CEDAR FALLS — Mark Farley didn’t necessarily disagree with the penalties.
Twice Saturday in No. 9 Northern Iowa’s 13-6 win over Idaho State at the UNI-Dome, the Panthers were flagged for unsportsmanlike penalties for ‘blindside’ blocks on interception returns.
It was the first time that rules 2-3-7 and 9-1-18 in the NCAA rule book, initiated this season, have affected UNI in a game.
The first on Xavior Williams following an Austin Evans interception didn’t hurt much. The second on Seth Thomas in the fourth quarter erased a Bryce Flater interception return for a touchdown.
“I thought those penalties ... I thought that was the story,” Farley said. “We learned a lot. That is going to take away some punt return blocks, some intercept return blocks.
“It was great learning, and it did not cost us a football game.”
Both flags clearly fell under the definition of the new rules:
(Rule 2-3-7 and 9-1-18), defined as an open field block against an opponent that is initiated from outside the opponent’s field of vision, or otherwise in such a manner that the opponent cannot reasonably defend himself against the block. An exception is when the runner or receiver is in the act of attempting to make a catch.
No player shall deliver a blind-side block by attacking an opponent with forcible contact. This results in a personal foul, 15-yard penalty. In addition, if this action meets all the elements of targeting, it is a blind-side block with targeting (Rule 9-1-3 and 9-1-4).
“That is what they call unprotected,” Farley said when asked if he was given an explanation for both flags. “I just think the way the rule is that in doubt you just throw the flag. If you see a great big hit the rest of the season, I’m guessing you are going to get an unsportsmanlike penalty.
“That is what we got to teach them, in particular on defense, in particular on punt returns and you are going to have to be cautious even on a reverse because those are all blindside hits that could be called back.”
On a YouTube video from the SEC Media Days, SEC Coordinator of Officials, Steve Shaw explained that what should be allowed is a player in a screen mode or has his hands extended is a good play, but if he lowers a shoulder and delivers a blow or lowers his head, those were the types of plays he wanted to see penalized.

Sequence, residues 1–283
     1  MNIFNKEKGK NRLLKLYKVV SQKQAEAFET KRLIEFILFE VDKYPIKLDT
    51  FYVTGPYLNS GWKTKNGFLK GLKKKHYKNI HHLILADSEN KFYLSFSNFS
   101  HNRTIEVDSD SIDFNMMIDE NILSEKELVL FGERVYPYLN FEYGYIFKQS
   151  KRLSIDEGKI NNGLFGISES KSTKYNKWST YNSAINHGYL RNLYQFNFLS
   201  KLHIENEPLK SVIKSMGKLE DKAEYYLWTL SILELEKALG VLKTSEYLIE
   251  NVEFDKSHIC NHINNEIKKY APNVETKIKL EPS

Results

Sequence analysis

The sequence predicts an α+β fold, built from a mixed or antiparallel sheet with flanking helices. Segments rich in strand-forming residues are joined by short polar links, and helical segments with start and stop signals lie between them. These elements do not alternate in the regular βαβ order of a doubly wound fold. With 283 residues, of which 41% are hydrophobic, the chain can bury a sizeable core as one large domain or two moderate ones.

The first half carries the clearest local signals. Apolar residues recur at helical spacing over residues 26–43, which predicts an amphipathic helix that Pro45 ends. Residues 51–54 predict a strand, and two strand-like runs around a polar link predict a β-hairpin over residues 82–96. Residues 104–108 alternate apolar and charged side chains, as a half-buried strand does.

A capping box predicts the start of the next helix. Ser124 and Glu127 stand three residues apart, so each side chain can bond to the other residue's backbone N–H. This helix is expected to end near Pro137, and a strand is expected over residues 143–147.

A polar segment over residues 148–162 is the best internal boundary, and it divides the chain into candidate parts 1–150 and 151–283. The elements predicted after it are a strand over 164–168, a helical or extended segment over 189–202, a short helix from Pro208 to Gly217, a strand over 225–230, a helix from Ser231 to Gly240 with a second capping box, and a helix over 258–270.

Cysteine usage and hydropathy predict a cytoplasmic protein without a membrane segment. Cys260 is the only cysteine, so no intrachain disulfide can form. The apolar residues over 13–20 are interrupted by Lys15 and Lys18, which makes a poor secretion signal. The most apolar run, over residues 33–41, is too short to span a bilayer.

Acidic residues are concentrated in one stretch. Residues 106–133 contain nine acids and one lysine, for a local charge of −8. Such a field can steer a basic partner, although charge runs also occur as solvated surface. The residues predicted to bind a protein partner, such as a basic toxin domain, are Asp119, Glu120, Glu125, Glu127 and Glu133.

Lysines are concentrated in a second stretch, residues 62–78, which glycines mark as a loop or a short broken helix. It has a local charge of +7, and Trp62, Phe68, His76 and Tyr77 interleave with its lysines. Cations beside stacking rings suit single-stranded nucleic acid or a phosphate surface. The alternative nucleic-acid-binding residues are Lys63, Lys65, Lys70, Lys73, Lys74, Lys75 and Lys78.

“The goal of the rule is to allow a guy to block, but have both players play the next play,” Shaw said.
Idaho State breakdown:
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The offense: It was a monumental struggle most of the day for the Panthers as they managed just 234 yards, although there was much better production in the second half when they produced 175.
Self-inflicted wounds hurt a lot. A holding penalty on UNI’s opening possession put them in a deep hole, and on two of the next three possessions, blitzes saw unblocked defensive backs sack quarterback Will McElvain for big losses.
A huge 60-yard run by Tyler Hoosman in the fourth quarter was called back for hold on a wide receiver.
“They definitely mixed things up,” McElvain said. “I wouldn’t say they caught us off guard, but they definitely were winning the beginning of the game with some of the things they were doing, and how many different things they were able to do.”
Among the positives were Hoosman and Trevor Allen averaging 4.6 yards per carry as they combined to rush for 105 yards on 23 carries.
The defense: There are probably not enough superlatives to go around as there were superb efforts across the board.
The Panthers picked off three passes, sacked Idaho State quarterback Gunnar Amos five times and gave up just 203 total yards, the fewest since they held Hampton to 204 last season.
“I think we have high expectations every game no matter if the offense is putting up 50 points or 10 points. It doesn’t matter,” said defensive end Elerson Smith, who was named the Missouri Valley Football Conference’s defensive player of the week.
UNI had 10 tackles for loss as a team.
1. Elerson Smith: Recorded nine tackles, 3.5 for loss with three sacks while also being credited with a forced fumble and pass breakup.
2. Xavior Williams: The junior defensive back recorded four pass breakups and leads the Missouri Valley Conference with eight through three games.
3. Tyler Hoosman: Accounted for 84 total yards — 55 rushing and 29 receiving — all in the second half to give UNI’s offense a spark.